For all their apparent uniformity of detail, there are some elements in the photographs of “Shelter” that stand out and draw the eye into the actual sites pictured. The evidence of handmade structures used as sanctuary by people experiencing homelessness, in addition to the occasional inclusion of architectural elements like bridges or apartment blocks, ties the images to a specific place. Homelessness is a problem that is clearly not particular to Winnipeg. However, the city’s configuration around the Assiniboine and Red rivers, and the history of its citizens’ relationship to these waterways, are two factors that shape the way homelessness is manifested there. After years of neglect, much hope is now being invested in the city’s riverbanks by property developers and municipal leaders alike, who see them as sites of great untapped potential. Eakin’s photographs show that such spaces are already populated, but unofficially, by those who have sought shelter on their own terms. Neglect has allowed a portion of Winnipeg’s population to survive, hidden in plain sight. Moreover, the quasi-invisibility of these structures is conveyed by the photographs: these are not typological studies of handmade shelters along the riverbanks; the shelters themselves do not dominate the compositions. They are presented, rather, as one element among the mess of nature, and are noticed only if time is taken to really look.
For Eakin, the place pictured is also tied to his own experience of the early months of the pandemic. Walking along the riverbanks was, for him, an attempt to find solace in nature, a way of “sheltering in place” that also allowed him to stay active and possibly evade the feelings of stagnancy with which many would contend. The title of the work is intended to be read as both a noun and a verb: as well as a place, offering protection. Shelter is also something one seeks, a safe space in circumstances that are thought to be dangerous or life-threatening. In the context of the pandemic, other people were deemed to be the source of danger and even death, whereas nature represented—theoretically at least—freedom of movement and survival. In Winnipeg, untamed nature can be accessed via its riverbanks, and it is actually surprising to see how few traces of the built environment appear in Eakin’s photographs. While not exactly uncharted territory, these sites offer a space in which nature has been allowed to become, once more, the dominant force.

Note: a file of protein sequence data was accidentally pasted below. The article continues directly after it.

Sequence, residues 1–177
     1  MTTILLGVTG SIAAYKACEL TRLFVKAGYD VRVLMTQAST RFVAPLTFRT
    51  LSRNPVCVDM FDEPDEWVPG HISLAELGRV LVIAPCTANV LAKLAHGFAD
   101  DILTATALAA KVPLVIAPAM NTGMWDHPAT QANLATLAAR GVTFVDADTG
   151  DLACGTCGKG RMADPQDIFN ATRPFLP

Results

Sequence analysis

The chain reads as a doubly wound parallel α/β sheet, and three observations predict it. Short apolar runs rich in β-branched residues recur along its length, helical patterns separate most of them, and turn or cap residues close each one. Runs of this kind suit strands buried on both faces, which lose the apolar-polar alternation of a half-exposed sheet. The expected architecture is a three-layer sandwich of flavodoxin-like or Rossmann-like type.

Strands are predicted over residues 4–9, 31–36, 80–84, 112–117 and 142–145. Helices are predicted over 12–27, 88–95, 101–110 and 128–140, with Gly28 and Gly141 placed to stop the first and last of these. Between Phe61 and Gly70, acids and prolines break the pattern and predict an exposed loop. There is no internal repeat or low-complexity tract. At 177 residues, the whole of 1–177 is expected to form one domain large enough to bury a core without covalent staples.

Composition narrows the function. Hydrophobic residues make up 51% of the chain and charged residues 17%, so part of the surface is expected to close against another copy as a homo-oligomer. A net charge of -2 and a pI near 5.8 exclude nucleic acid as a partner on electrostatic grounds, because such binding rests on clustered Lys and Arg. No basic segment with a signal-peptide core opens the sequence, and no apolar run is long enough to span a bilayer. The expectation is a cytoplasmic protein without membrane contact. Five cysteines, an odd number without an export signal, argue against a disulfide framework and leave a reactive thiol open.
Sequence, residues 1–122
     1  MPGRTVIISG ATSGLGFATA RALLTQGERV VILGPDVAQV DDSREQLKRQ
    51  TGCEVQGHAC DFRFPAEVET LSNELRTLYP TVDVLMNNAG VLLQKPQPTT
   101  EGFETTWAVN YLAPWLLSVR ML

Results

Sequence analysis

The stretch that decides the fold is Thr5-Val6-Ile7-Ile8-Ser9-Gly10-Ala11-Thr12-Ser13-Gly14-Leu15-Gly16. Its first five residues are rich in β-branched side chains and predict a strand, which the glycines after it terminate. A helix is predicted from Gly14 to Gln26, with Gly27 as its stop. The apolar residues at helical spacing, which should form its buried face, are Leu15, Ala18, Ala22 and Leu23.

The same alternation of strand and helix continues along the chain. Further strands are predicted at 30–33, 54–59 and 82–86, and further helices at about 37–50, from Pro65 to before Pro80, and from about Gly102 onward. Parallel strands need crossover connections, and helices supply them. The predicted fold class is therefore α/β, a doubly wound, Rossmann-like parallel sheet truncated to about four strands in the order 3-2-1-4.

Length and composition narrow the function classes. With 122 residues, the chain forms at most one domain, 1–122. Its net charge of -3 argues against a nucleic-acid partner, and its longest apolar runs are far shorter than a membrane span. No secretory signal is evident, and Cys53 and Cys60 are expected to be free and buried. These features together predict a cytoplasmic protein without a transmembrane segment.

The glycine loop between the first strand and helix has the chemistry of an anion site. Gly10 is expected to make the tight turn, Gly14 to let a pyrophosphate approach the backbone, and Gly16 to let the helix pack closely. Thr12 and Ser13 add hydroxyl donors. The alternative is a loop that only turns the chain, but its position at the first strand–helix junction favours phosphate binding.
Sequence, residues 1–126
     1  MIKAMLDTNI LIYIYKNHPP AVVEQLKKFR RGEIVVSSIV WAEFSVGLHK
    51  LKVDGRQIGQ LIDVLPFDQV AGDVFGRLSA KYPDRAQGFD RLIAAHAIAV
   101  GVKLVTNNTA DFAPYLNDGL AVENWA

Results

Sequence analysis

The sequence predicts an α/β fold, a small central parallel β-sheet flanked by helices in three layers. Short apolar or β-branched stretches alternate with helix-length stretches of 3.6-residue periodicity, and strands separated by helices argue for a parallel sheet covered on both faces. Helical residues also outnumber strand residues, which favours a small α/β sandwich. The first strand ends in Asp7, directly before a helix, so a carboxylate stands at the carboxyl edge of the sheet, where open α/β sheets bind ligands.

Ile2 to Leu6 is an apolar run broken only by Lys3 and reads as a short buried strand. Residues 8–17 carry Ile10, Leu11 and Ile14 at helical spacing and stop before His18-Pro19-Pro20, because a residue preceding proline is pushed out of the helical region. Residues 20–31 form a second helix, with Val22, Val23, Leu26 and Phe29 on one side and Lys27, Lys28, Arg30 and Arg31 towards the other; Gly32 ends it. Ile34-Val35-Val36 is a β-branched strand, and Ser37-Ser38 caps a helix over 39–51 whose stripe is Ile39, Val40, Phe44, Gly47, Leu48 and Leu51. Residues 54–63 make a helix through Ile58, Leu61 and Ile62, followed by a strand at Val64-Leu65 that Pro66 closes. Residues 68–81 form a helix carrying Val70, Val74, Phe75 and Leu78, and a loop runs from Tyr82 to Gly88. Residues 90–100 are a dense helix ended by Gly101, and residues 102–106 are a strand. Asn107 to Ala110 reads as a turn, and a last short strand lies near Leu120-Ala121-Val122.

On one level, then, these are landscape photographs imbued with the potential of freedom and survival in a context of imminent danger. And yet their undeniable constructedness makes it clear that such ideas are only surface-deep. Being closer to nature may assuage our anxiety, but the reality is that truly escaping society is a dream that is realized only in death. Even in neglected nature, people are never too far away, and in any case neglect itself is a state sanctioned by society. But the dream can exist in an image—in this case, in photographs of the beautiful, gnarled chaos created by cottonwood tree branches in the winter. Sometimes images are all we’ve got. ❚
Zoë Tousignant is a photography historian and curator based in Montreal.